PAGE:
S Aufrecht
[Commander in Chief of Pacific Command] Admiral Blair advocated the notion that U.S. military officers could reform their foreign counterparts. He pushed countries in his theater to send their officers to American schools and to open their hallways to U.S. planners and trainers. (Priest, Dana. The Mission, p 51. 2003 W.W. Norton & Company)

Can you spot anything in the careers or biographies of military officers that makes them more likely to violate human rights?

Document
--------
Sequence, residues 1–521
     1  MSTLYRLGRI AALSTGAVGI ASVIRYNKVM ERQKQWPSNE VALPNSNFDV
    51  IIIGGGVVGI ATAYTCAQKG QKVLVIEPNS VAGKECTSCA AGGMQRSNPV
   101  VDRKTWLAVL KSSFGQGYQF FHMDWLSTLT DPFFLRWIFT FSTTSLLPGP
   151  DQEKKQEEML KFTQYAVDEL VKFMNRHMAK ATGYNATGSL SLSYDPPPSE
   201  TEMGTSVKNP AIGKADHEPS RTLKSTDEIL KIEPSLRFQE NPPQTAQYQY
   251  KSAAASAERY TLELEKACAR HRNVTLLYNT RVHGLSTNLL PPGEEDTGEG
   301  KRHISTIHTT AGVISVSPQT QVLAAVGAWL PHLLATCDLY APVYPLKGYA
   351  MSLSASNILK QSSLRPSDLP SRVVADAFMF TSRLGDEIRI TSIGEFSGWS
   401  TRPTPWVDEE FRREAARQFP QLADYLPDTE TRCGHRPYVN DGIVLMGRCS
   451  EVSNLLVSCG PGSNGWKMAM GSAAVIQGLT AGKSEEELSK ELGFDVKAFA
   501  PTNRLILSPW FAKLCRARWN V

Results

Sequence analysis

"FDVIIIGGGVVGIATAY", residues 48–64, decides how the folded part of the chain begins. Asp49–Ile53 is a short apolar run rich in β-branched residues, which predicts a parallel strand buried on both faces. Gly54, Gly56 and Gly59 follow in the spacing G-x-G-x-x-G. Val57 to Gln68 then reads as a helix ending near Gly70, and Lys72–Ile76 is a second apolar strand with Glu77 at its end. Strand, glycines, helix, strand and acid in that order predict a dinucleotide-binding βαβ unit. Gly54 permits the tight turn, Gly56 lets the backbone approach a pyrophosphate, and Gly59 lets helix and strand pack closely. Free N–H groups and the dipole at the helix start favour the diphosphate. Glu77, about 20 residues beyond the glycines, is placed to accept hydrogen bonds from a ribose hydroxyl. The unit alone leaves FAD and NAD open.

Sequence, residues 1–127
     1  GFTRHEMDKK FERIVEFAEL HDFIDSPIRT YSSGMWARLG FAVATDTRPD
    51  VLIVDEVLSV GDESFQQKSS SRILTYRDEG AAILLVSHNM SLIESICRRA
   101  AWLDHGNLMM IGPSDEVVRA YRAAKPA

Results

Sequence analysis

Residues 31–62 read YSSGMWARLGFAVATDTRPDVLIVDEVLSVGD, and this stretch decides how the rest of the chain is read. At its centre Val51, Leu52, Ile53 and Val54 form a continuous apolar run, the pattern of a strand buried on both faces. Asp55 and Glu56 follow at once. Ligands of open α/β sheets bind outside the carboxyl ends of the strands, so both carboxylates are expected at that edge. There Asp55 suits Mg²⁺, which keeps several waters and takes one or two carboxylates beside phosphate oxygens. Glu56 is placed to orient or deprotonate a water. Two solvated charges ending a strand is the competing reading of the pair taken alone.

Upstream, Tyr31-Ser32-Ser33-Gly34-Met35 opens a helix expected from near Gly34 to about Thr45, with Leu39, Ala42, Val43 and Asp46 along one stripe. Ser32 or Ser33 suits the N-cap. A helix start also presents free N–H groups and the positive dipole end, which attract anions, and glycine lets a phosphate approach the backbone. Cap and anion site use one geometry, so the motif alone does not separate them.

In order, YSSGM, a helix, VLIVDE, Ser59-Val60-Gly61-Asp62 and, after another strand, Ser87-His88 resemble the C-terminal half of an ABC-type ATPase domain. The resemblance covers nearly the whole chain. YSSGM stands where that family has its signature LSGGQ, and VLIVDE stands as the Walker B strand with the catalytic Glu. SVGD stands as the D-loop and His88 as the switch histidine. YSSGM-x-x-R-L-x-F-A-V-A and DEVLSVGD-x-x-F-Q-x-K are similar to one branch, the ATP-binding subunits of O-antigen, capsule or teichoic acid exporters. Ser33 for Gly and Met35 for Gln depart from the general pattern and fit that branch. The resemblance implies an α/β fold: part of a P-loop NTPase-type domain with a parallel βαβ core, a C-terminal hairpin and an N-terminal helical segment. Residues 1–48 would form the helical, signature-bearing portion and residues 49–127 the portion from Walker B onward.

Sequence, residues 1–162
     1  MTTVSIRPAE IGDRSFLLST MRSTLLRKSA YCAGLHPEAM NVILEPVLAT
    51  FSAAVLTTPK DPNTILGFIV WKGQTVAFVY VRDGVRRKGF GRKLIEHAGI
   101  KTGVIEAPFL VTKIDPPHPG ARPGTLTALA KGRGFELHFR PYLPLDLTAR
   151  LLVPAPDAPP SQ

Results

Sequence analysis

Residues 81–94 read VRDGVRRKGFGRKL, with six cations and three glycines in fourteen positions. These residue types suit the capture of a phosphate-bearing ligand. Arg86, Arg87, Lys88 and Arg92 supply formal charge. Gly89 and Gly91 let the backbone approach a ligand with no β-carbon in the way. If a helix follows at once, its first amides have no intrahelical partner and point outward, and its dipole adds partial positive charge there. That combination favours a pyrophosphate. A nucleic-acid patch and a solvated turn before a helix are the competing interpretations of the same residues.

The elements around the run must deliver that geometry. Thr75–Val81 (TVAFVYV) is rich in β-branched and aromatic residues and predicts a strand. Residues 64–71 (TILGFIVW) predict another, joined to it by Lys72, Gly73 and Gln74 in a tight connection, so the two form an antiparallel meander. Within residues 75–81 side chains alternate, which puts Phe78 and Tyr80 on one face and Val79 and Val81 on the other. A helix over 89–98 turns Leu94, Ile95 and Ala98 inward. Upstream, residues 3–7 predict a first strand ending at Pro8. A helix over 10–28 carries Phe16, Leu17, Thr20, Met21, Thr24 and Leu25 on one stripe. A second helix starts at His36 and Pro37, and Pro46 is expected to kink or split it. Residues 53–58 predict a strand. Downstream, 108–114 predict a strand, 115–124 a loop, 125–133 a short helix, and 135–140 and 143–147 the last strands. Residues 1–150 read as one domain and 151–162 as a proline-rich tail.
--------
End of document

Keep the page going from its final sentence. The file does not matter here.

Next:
What was the big risk for Salvadorean military officers committing huge human rights violations? US training. It's very, very clear. I think US training selects the officers who are the most motivated, and the way that you distinguished yourself in the Salvadorean military in the 1980s was by killing people. So the most motivated officers are also the worst. But what this also says is that US training is useless for restraining human rights abuse. US training also advantages officers relative to other officers, so when they come back they get better jobs and are in a position to commit more violations. (Patrick Ball "has spent 12 years designing software that turns information on human rights abuses into databases." Interviewed in New Scientist)